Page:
Wow! What a whirlwind month it has been! Adam and I got married almost a month ago exactly, school and work (for Adam) began two weeks ago, and my poor little blog has truly seen busier days. For our wedding, we gave out party favors of my favorite spice mix: Baharat. After making 150+ jars of it, it took about a month to warm up to the spice again. For those of you out there who received one, this is a fantastic way to get acquainted with the spice!
This recipe comes from an incredible cookbook we were given as a present: The New Book of Middle Eastern Food. WOWZER. I love it! This recipe requires such few ingredients, albeit saffron isn’t always just…layin’ around, is really easy to prepare, and when you pull it out of the oven and the honey is just slightly sizzling the tops of the chicken breasts it’s truly divine. This recipe called for rosewater, but alas, no one in my life is much of a fan of it. I think it’d be incredible in this dish, but I’ll have to pull out the rosewater for guests, I suppose, since my *husband* doesn’t like it. Definitely give this recipe a shot! It’s even better reheated the next day!
Lovingly adapted from Claudia Roden’s The New Book of Middle Eastern Food.
What you need:
1 large onion; chopped
2 lbs chicken breasts
2 tblsp vegetable oil + a tiny bit more
1 heaping tsp baharat spice
salt & pepper
juice of 1/2 a lemon
pretty good pinch of saffron threads
3/4 c salted almonds; chopped
3 tblsp honey
3-4 small golden potatoes; quartered (*For Rosh HaShanah cooking, try apple slices instead!)
How to do it:
*Note: my oven isn’t fantastic. I think for most of you, cooking the chicken with the potatoes will work out and the potatoes won’t be hard. I had to cook my chicken + potatoes covered for an additional 15 minutes to really get through the potatoes. Make a judgment call. You can cook the potatoes first while the chicken is in the pan and then just add the chicken to that dish and throw it into the oven. I’m going to do that next time.
If you are making this recipe for Rosh HaShanah, I suggest trying apple slices instead of potatoes (I haven’t done this, but it sounds delicious, right?). I’d add them during the last 10 minutes or so of baking so they don’t become apple-saucey.
Preheat your oven to 350 degrees F. In a large pan, saute the onions over low heat, stirring occasionally. When they soften and become translucent, add the baharat and mix well so there are no clumps. Add the chicken. Add water until the chicken is just covered. Add the salt, pepper, saffron, and lemon juice and let simmer, covered, for 30 minutes.
While that is simmering, chop your almonds and combine with the honey. Set aside.
Lift the chicken pieces out and arrange them in a large shallow baking dish. Quickly toss your potatoes with oil, salt and pepper and then fit them into the spaces. Pour the remaining sauce over the chicken and potatoes. Spread the honey + almond mixture over the chicken pieces as best you can. Bake for 30-40 minutes depending on your oven. Enjoy!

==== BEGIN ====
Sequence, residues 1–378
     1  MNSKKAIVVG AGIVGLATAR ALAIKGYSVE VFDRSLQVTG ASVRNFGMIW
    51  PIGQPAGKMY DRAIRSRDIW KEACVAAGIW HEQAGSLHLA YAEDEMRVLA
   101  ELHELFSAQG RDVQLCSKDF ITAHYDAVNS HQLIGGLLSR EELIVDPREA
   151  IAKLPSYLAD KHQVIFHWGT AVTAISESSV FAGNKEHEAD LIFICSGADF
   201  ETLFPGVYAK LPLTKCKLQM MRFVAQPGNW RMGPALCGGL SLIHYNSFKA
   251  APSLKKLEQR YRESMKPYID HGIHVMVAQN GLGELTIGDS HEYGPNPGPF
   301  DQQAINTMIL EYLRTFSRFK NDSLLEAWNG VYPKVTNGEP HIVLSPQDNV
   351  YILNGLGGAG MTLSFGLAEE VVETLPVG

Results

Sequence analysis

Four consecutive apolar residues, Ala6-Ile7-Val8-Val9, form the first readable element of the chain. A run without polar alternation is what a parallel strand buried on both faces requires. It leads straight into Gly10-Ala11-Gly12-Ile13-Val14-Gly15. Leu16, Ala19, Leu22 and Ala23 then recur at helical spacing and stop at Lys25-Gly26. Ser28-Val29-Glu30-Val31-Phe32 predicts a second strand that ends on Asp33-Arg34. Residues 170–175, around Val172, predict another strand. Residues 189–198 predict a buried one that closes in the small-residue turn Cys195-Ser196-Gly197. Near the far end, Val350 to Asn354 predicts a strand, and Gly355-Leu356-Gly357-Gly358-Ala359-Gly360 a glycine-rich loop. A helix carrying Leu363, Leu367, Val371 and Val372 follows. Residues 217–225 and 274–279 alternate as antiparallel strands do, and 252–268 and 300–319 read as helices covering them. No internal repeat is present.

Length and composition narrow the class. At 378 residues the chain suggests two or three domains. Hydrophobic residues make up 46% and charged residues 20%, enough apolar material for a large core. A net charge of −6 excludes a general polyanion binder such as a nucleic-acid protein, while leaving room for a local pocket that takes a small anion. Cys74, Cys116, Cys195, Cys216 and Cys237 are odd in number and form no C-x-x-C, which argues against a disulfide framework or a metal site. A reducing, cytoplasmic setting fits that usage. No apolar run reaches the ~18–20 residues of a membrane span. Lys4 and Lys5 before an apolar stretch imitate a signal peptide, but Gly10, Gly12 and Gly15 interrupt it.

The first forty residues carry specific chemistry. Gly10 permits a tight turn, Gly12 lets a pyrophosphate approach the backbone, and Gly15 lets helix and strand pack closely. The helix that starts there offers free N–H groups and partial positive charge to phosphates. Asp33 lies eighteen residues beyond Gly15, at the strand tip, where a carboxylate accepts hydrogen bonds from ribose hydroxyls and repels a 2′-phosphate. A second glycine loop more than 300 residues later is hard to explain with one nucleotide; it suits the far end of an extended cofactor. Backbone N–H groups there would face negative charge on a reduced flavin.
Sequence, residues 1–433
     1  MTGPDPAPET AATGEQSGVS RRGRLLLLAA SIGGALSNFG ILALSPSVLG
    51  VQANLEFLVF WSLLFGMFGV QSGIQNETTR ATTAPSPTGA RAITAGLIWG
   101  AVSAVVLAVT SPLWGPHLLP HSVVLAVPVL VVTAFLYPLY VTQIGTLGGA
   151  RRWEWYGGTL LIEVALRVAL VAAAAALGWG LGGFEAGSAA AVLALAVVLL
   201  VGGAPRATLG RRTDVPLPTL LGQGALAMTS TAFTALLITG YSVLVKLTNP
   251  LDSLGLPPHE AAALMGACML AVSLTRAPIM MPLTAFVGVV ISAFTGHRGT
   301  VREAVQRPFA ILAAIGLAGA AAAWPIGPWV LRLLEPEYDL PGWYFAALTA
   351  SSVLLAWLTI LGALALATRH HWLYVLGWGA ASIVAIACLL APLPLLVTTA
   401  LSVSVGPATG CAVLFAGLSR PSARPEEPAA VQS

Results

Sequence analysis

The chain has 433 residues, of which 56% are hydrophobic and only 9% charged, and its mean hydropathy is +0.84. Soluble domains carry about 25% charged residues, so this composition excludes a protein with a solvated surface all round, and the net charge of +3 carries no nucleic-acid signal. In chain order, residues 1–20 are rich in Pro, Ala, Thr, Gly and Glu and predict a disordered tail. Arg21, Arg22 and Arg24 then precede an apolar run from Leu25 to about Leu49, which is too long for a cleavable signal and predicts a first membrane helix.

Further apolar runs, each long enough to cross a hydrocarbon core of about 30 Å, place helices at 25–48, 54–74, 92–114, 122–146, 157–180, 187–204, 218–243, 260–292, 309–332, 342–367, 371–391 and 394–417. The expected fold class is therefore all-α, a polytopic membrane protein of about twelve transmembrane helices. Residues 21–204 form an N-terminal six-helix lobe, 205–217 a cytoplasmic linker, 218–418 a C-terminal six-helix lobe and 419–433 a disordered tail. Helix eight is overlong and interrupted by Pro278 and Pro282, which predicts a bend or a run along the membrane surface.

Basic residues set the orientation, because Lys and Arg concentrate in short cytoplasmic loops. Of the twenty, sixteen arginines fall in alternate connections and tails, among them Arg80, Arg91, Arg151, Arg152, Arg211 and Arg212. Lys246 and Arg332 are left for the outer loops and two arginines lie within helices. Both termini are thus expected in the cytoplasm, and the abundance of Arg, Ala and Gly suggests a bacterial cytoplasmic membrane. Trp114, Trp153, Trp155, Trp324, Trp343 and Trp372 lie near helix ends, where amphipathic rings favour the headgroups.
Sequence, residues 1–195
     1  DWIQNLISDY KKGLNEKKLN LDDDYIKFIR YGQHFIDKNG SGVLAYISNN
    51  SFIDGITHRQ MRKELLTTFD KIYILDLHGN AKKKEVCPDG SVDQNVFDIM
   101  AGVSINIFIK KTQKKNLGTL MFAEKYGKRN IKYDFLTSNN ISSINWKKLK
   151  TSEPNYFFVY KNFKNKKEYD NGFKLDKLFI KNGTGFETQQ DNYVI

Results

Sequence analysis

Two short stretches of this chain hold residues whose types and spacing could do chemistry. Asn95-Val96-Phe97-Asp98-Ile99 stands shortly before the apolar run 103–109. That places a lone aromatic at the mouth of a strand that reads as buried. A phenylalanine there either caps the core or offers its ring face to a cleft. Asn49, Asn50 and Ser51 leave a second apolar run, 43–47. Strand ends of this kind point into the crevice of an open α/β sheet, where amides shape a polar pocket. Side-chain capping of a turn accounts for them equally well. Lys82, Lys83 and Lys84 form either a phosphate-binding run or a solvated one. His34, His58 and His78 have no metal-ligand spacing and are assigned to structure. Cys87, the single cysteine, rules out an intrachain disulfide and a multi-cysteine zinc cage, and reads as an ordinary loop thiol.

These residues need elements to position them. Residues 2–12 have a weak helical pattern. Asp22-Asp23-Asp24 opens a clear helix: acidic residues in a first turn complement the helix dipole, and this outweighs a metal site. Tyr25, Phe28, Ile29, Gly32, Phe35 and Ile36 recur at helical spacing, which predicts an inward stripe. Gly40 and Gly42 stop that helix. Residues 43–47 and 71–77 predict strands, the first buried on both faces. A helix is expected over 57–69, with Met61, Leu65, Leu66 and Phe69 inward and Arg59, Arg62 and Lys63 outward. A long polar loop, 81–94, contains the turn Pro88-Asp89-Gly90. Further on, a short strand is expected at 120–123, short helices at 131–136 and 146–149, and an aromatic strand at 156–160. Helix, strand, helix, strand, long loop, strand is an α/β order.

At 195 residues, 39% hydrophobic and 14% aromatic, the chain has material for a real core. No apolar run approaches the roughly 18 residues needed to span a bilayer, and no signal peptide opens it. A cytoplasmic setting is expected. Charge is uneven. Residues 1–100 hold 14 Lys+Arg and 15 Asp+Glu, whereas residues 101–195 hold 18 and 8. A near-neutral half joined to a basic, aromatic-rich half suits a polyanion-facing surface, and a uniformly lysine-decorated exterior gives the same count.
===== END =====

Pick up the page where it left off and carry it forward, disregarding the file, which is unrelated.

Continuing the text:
7 thoughts on “Saffron Chicken With Almonds & Honey (Baharat Recipe!)”
This looks so delicious! I have to make it. How much rosewater is in the original recipe? Thanks for this one! And congratulations on your marriage. Many years of health and happiness to you both!
1 tsp would be the right amount given these other proportions. It should be added to the almond + honey mixture. I hope you enjoy it and let me know how it is with the rosewater, please!
thanks, lauren, and mazal tov on the wedding. i hope adam passed along our greetings to you : ) baila and emily really, really wanted to crash your wedding and see you both, but we duct taped them to chairs so you could marry in peace : ) thanks for this recipe. i have been cooking exclusively persian food for shabbat dinners since february so will plunge right into this one for tomorrow. THANKS! i already have the avideh in my pantry, along with dried lemons, sumac, sabzi this and that, etc. my new favorite cookbooks (persian of course) are: persian food from the non-perisan bride, by, reyna simnegar (kosher). i have to adapt recipes from the non-kosher but also favorite cook book: food of life, by najmieh batmanglij. OMG! these cookbooks have changed my life and my kitchen. all the best and mazal tov again.
Thanks, Mollie! WOW, that’s great that you are such a fearless cook! I’ll have to post some more Persian recipes! I’ve seen the Reyna Simnegar cookbook, and I have Food of Life, too. Check out KShar.net sometime. He has great instruction videos explaining his recipes. All the best, and thank you for the congratulations! Adam’s a very special guy 🙂
BTW, you can substitute Avideh here for Baharat.
Just found your blog – so fun, great recipes and pics! I look forward to visiting your Jerusalem kitchen more often! 🙂
Thank you, Chanie!